19. I imagine the passive stability enforced by the much larger rear fins would be plenty to minimize the adverse roll effects from the canards.
  20. So you're telling me that you constantly corrected the roll offset for over seven hours!? Or, if you were at 4x time warp, for almost two hours!? Holy smokes man, you're dedicated! (Incidentally, that's why I've taken on the maintenance of Pilot Assistant, so you don't have to do exactly that) Congratulations, you're at the top of the leaderboard. You certainly earned it. Even before 1.10, the engine noises got so irritating that I turn off the sound when running this challenge.
  21. That's a fair point about the yaw/roll coupling, although I wonder how much roll you'd actually get, given the much larger surface area of the (hypothetically fixed) rear fins.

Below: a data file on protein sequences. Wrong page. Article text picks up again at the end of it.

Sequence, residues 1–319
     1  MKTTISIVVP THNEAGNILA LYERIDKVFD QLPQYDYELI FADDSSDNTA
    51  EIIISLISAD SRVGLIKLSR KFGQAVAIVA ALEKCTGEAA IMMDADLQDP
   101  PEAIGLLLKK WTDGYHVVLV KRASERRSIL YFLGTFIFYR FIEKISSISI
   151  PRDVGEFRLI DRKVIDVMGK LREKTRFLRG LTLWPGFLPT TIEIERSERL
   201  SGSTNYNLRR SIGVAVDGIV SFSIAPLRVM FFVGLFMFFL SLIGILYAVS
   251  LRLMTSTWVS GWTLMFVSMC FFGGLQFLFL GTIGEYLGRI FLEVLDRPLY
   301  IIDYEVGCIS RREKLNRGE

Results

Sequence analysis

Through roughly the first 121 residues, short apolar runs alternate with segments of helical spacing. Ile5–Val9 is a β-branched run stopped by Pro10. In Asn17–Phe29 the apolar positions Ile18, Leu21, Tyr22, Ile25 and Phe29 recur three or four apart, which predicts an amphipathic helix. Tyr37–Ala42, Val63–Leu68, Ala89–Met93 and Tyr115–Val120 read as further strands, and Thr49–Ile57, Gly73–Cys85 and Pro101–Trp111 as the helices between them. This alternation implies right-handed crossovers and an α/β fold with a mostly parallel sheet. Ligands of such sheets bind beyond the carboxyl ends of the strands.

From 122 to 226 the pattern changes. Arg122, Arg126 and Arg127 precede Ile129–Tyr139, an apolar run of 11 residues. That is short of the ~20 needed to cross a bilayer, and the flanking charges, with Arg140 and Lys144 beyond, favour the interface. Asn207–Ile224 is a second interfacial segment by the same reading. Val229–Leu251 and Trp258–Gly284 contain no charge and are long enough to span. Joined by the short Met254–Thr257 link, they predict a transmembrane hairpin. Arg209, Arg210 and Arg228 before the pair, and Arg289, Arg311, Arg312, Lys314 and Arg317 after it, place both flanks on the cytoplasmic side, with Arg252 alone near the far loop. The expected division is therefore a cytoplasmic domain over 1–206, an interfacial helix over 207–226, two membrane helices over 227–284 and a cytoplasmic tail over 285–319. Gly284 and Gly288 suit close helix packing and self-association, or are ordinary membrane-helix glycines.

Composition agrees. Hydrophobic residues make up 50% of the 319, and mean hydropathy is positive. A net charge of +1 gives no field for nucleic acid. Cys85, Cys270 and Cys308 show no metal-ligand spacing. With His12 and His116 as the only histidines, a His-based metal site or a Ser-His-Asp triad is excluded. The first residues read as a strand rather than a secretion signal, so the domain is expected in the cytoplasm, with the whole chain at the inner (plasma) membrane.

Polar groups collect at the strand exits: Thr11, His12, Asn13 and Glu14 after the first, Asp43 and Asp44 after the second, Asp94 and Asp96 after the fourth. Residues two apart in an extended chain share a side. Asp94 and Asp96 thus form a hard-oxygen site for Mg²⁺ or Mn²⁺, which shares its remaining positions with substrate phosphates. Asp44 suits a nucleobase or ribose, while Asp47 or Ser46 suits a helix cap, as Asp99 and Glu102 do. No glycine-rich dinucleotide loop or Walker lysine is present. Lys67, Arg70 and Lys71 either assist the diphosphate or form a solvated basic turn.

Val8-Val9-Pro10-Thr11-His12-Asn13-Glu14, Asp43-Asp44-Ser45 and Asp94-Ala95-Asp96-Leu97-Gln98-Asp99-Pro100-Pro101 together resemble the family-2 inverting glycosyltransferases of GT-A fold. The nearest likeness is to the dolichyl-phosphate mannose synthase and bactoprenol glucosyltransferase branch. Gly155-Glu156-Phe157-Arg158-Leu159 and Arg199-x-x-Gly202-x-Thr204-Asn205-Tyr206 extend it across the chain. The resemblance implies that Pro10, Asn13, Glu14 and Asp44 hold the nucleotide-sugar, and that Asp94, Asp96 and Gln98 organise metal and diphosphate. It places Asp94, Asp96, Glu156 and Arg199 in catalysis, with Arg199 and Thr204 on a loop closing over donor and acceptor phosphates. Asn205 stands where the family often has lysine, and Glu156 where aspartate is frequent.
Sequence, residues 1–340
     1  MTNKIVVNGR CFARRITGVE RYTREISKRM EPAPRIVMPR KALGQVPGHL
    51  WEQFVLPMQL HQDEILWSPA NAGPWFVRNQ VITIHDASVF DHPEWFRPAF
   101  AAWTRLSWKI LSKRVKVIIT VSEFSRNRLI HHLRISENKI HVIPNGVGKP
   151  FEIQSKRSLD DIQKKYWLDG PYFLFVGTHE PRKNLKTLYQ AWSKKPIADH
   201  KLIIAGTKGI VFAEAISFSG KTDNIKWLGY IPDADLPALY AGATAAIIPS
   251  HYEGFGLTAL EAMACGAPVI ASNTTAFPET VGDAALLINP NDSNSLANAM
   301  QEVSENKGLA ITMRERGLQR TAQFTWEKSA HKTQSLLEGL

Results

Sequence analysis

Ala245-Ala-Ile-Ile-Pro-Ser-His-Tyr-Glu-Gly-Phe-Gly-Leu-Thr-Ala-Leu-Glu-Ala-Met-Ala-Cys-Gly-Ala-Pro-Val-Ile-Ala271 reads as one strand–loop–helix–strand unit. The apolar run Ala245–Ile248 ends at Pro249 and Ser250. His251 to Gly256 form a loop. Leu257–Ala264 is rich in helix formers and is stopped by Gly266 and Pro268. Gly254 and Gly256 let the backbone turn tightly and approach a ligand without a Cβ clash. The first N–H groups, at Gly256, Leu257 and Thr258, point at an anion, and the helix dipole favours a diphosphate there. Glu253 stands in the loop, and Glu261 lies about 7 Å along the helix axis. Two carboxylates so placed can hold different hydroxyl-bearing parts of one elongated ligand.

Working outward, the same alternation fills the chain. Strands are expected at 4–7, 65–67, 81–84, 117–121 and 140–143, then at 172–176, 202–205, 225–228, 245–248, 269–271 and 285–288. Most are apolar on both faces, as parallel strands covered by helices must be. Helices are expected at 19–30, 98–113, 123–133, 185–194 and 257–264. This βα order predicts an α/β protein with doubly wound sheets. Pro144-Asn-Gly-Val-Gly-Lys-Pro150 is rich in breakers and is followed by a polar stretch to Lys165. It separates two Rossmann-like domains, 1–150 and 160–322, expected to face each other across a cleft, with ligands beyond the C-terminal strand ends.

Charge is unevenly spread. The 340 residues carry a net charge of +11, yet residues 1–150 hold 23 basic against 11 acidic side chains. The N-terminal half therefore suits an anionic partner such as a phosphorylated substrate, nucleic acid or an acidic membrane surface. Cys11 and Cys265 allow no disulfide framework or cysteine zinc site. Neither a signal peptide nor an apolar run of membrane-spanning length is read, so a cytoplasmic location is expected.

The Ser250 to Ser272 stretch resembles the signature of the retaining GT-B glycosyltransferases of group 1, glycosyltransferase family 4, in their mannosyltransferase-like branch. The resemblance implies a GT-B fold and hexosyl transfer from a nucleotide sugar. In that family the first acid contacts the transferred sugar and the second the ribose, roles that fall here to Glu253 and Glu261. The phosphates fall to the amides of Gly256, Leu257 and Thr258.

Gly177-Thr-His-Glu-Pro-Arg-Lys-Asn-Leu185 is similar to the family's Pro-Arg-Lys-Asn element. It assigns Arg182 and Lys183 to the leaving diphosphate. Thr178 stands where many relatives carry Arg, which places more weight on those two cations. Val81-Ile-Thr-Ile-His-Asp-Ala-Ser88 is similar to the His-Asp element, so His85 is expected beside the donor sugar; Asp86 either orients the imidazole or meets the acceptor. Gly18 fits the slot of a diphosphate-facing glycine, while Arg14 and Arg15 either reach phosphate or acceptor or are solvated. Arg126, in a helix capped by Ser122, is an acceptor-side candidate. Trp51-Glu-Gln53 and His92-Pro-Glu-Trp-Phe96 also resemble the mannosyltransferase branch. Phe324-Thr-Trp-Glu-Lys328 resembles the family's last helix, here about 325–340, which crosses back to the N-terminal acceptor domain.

22. That's an interesting aside. When I've done a mk1-sized craft with a single RAPIER, near the end of the flight, it's only generating a couple kN of thrust to sustain near-1700m/s speeds at 27km altitude. An LV-909 at max thrust will burn 3.5 units/second of fuel, according to the wiki (is that LF only, or combined LF/Ox?), and produce 60kN. If it only needs to produce 5kN, that's 1/12th max thrust, so 3.5/12 ~=0.3 units/second. Two FL-T800's would give you about 800 units total LF/Ox, which would be more than enough for the 40-minute trip, assuming you use a RAPIER to get you up to 1700m/s and 27km. In fact, it's better than that, for two reasons: 1) using a rocket engine would allow you to fly at 29,900m and encounter significantly less parasitic drag 2) higher altitude and velocity means you're closer to orbital speed, and you need less lift to maintain altitude. It gets a bit nerdy, but I figured out that the amount of lift you have to provide is proportional to (GM/R^2 - V^2/R). With some hard numbers plugged in, if you're at 1700m/s and 27km, you only have to supply about 48% of the baseline lift, and at 1,900 m/s, you're down to about 36%. Note that the percentage of lift you have to supply doesn't change much with altitude. Actually, thinking about it a bit more, just using a RAPIER in closed cycle mode would probably be better, despite the Isp hit, since you'd eliminate the dead weight and drag of a second engine.